The United States, in what federal law enforcement sources describe as an important shift in policy, has extradited an American pilot to Colombia to serve 12 years in prison there after that country's courts convicted him in absentia of marijuana smuggling.
The apparent policy change, these sources said, is designed to encourage Colombia to send more of its drug traffickers to the United States for trial here--an issue that has figured in a number of recent terrorist attacks on members of Colombia's judiciary, including the bloody takeover last week of the national Palace of Justice in Bogota.
One official said the move shows that the United States is willing "to bend the rules" to satisfy Colombia's request in the case of Theodore Bruce Powell of Fort Lauderdale, Fla., who was caught by Colombian authorities in 1978 while co-piloting a DC-7 allegedly carrying seven tons of marijuana.
Question of Fairness
In the past, the government, citing concerns about whether U.S. citizens could be ensured fair trials, has refused to extradite Americans who were not present in foreign courts when they were convicted.
State Department officials Wednesday denied that Powell's case represented a departure from the policy regarding convictions in absentia.
"The facts of this particular case did not warrant the policy," said one official, noting that the defendant had been caught with the goods and fled a Colombian jail the day before he was to be arraigned. The State Department officials also contend that an appeal still is available, making the case "not totally closed."
But a key federal law enforcement official declared that "everybody's in agreement" that the move is an attempt to "send a signal" to Colombia on drug trafficking.
Employed by 'The Company'
At the time of his arrest, Powell, 46, was working for "The Company," a major marijuana-trafficking organization to which Colombian investigators eventually tied 600 tons of the illicit drug.
Nine days later, Powell and two others in the smuggling ring escaped from a Colombian jail in Riohacha, helped by two men wearing police uniforms and carrying submachine guns. He and his cohorts allegedly flew back to the United States from a clandestine Colombian airstrip.
Powell, on the advice of his lawyer, lived openly in Fort Lauderdale for nearly seven years, with his address and phone listed, and had contact with U.S. law enforcement authorities.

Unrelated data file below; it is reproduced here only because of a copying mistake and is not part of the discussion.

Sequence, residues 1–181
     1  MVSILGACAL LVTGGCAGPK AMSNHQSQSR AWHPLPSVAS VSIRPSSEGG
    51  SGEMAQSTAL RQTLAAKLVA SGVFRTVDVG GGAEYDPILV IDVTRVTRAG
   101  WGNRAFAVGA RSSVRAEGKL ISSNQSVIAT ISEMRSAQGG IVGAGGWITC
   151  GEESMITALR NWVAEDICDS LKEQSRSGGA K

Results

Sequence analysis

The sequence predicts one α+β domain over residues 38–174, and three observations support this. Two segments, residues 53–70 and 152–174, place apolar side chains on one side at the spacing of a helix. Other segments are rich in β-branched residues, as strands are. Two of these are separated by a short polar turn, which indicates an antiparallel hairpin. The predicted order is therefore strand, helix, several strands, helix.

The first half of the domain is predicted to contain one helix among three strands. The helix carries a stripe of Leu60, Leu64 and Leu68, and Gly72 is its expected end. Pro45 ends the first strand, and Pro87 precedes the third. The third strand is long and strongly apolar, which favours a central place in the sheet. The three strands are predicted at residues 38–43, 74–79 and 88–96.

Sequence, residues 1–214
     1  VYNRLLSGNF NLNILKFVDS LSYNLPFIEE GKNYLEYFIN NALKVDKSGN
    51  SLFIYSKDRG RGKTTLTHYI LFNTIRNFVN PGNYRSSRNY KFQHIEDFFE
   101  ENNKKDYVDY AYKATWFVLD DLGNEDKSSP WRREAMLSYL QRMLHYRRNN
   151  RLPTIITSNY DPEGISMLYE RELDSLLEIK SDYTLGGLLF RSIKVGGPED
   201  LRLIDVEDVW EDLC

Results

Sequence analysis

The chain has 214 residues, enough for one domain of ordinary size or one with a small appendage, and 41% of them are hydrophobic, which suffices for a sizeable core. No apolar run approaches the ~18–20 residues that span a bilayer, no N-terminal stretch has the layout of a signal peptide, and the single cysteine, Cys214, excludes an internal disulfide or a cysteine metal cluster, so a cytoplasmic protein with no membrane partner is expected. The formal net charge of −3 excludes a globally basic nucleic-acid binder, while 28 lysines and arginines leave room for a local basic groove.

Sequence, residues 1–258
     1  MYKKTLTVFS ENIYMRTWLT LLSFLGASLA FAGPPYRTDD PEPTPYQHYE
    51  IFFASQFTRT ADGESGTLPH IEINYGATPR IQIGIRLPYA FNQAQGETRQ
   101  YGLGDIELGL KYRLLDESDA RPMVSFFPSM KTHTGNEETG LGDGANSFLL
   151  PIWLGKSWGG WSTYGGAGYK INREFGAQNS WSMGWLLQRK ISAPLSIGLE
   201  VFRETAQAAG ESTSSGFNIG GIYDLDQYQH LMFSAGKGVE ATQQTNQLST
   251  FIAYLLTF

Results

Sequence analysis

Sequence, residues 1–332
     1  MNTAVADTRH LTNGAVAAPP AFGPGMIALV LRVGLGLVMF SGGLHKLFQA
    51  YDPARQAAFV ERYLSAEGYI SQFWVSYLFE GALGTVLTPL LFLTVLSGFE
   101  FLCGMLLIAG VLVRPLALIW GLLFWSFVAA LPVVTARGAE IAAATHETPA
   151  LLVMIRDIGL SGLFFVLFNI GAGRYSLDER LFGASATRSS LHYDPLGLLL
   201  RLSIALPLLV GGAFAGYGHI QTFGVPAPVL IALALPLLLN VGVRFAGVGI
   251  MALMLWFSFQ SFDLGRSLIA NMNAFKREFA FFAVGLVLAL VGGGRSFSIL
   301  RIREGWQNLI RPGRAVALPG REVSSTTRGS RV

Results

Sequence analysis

Apparently without any attempt to bring him back to Colombia to face narcotics charges, a criminal court in Riohacha tried Powell and found him guilty in May, 1983, but he maintains that he did not learn of the conviction for two years.
The trial took place more than a year after a U.S.-Colombian extradition treaty became effective, meaning that Powell could have been brought back for the proceeding, according to Powell's attorney, Michael Abbell of Washington, who formerly headed the Justice Department's Office of International Affairs.
Powell was arrested last April 20 at Los Angeles International Airport on U.S. charges that were later dropped, but he was then held on Colombia's request that he be extradited to serve the 12-year sentence.
Abbell, in a letter to State Department legal adviser Abraham D. Sofaer, argued against turning Powell over and cited the department's "longstanding policy of not surrendering a person who was convicted in absentia and who had no notice of the proceeding against him and no opportunity to defend himself."
'Fairness and Justice'
He said the policy reflects the State Department's "regard for the principles of fairness and justice which are at the heart of this country's criminal justice system."
But a State Department official contended that the judgment to send Powell to Colombia was made "fundamentally on a question of fairness. . . . His guilt was so evident."
Powell, escorted by deputy U.S. marshals, was flown to Colombia on Nov. 3. He became the second U.S. citizen to be extradited to Colombia under the 1982 extradition treaty for a narcotics matter.
In Colombia, U.S. extradition requests first are considered in the courts and then by President Belisario Betancur. Of the U.S. requests approved by the Colombian courts, Betancur has approved 17 and denied 11. An additional 19 have court approval and are awaiting his decision, according to the Justice Department.